The stress inversion method is developed to find a stress field which satisfies the equation of equilibrium for a body in a state of plane stress. When one stress-strain relation is known and data on the strain distribution on the body and traction along the boundary are provided, the method solves a well-posed problem, which is a linear boundary value problem for Airy's stress function, with the governing equation being the Poisson equation and the boundary conditions being of the Neumann type. The stress inversion method is applied to the Global Positioning System (GPS) array data of the Japanese Islands. The stress increment distribution, which is associated with the displacement increment measured by the GPS array, is computed, and it is found that the distribution is not uniform over the islands and that some regions have a relatively large increment. The elasticity inversion method is developed as an alternative to the stress inversion method; it is based on the assumption of linear elastic deformation with unknown elastic moduli and does not need boundary traction data, which are usually difficult to measure. This method is applied to the GPS array data of a small region in Japan to which the stress inversion method is not applicable. To cite this article: M. Hori et al., C. R. Mecanique 336 (2008).

  6. Ecosystem functions and densities of contributing functional groups respond in a different way to chemical stress.

    PubMed

    De Laender, Frederik; Taub, Frieda B; Janssen, Colin R

    2011-12-01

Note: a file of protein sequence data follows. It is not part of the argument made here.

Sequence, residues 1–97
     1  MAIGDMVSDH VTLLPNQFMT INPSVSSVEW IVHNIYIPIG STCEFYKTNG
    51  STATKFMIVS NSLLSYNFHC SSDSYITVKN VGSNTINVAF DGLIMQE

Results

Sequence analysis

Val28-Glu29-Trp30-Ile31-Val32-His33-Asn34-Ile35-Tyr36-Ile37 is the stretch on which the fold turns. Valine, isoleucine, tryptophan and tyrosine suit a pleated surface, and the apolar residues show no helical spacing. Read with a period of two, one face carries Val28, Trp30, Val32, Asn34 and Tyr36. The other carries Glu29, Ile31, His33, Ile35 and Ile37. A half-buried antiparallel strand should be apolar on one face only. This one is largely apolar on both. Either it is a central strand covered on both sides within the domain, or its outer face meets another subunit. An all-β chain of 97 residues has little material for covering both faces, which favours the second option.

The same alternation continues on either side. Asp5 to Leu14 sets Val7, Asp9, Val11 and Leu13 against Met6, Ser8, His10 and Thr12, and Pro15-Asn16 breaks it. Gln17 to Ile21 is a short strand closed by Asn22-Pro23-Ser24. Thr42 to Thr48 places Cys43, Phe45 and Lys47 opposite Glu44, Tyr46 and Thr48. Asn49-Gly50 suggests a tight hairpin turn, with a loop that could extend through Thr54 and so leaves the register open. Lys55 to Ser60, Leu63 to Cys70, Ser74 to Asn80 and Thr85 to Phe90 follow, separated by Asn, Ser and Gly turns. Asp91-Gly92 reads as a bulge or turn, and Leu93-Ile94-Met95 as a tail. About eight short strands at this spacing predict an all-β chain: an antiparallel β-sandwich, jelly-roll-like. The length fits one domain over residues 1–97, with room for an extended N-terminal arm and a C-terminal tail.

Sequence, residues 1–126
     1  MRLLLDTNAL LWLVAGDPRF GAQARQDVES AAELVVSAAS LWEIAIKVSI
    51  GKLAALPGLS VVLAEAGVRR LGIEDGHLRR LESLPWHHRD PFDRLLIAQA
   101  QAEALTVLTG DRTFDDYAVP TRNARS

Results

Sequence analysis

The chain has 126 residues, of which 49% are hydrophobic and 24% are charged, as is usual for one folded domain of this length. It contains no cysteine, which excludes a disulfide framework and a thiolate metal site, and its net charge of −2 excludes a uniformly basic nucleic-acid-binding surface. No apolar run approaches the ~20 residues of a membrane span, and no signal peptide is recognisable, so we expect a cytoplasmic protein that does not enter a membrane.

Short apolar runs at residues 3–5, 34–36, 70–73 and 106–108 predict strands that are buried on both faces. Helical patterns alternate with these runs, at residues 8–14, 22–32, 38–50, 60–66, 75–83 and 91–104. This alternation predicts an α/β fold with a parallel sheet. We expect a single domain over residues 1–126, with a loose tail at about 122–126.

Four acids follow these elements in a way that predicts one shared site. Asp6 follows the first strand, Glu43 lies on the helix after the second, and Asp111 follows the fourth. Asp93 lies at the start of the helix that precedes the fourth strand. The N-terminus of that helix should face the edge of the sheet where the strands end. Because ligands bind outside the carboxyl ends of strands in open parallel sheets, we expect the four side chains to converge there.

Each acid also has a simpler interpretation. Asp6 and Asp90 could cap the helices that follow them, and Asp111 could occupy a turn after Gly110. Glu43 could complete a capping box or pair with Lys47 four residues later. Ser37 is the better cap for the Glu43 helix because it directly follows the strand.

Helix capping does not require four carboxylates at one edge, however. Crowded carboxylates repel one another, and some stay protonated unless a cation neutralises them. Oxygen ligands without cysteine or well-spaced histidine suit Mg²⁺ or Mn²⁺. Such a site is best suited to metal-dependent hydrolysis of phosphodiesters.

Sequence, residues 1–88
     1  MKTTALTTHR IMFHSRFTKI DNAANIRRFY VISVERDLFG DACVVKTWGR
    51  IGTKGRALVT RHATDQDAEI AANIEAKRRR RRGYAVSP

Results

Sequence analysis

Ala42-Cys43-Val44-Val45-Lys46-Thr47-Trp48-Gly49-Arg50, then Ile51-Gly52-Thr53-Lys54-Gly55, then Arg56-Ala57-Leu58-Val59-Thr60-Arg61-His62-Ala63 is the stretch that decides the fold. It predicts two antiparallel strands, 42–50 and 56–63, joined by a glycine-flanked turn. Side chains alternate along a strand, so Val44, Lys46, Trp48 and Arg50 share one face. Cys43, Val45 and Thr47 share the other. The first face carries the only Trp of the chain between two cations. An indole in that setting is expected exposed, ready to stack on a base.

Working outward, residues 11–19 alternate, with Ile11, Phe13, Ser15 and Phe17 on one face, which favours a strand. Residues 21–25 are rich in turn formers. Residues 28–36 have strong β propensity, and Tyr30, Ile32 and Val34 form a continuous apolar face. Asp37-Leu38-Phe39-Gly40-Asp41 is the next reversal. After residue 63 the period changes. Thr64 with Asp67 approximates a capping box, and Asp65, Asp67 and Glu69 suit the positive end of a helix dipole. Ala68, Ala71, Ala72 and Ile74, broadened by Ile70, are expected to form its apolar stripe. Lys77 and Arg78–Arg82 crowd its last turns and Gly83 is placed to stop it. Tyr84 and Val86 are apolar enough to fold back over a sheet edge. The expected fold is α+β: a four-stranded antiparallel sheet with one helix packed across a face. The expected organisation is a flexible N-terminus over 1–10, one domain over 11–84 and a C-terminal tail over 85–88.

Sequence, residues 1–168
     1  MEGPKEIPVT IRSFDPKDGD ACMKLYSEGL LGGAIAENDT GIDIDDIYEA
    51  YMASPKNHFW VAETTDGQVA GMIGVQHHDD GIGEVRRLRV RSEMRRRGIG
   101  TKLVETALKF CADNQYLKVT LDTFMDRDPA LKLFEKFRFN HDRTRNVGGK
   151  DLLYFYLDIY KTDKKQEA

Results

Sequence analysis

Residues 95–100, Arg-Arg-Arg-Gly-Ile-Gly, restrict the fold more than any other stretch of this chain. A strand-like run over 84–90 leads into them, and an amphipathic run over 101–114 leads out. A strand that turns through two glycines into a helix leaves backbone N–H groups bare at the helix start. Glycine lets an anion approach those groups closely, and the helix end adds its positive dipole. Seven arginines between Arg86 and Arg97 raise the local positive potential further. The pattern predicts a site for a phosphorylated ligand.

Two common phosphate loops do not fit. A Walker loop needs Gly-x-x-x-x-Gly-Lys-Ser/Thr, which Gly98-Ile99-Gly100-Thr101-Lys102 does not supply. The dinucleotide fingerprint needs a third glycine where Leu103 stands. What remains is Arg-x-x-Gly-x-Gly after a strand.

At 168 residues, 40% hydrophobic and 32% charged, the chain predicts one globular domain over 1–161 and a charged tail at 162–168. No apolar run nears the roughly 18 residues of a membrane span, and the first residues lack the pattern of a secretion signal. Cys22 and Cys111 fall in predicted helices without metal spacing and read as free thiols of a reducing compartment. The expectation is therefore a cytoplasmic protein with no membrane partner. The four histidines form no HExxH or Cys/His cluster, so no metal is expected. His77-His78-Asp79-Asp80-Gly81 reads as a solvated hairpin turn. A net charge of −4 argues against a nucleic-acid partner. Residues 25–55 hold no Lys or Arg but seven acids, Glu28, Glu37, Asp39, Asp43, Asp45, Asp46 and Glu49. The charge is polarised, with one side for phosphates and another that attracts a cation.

Understanding whether and to what extent ecosystem functions respond to chemicals is a major challenge in environmental toxicology. The available data gathered by ecosystem-level experiments (micro- and mesocosms) often describe the responses of taxa densities to stress. However, whether these responses are proportional to the responses of associated ecosystem functions to stress is unclear. By combining a carbon budget modeling technique with data from a standardized microcosm experiment with a known community composition, we quantified three ecosystem functions (net primary production [NPP], net mesozooplankton production [NZP], and net bacterial production [NBP]) at three Cu concentrations, with a control. Changes of these ecosystem functions with increasing chemical concentrations were not always proportional to the Cu effects on the densities of the contributing functional groups. For example, Cu treatments decreased mesozooplankton density by 100-fold and increased phytoplankton density 10- to 100-fold while increasing NZP and leaving NPP unaltered. However, in contrast, Cu affected microzooplankton and the associated function (NBP) in a comparable way. We illustrate that differences in the response of phytoplankton/mesozooplankton densities and the associated ecosystem functions to stress occur because functional rates (e.g., photosynthesis rates/ingestion rates) vary among Cu treatments and in time. These variations could be explained by food web ecology but not by direct Cu effects, indicating that ecology may be a useful basis for understanding environmental effects of stressors.

  7. Sexual function following surgery for urodynamic stress incontinence.

    PubMed

    Jha, Swati; Moran, Paul; Greenham, Helen; Ford, Caroline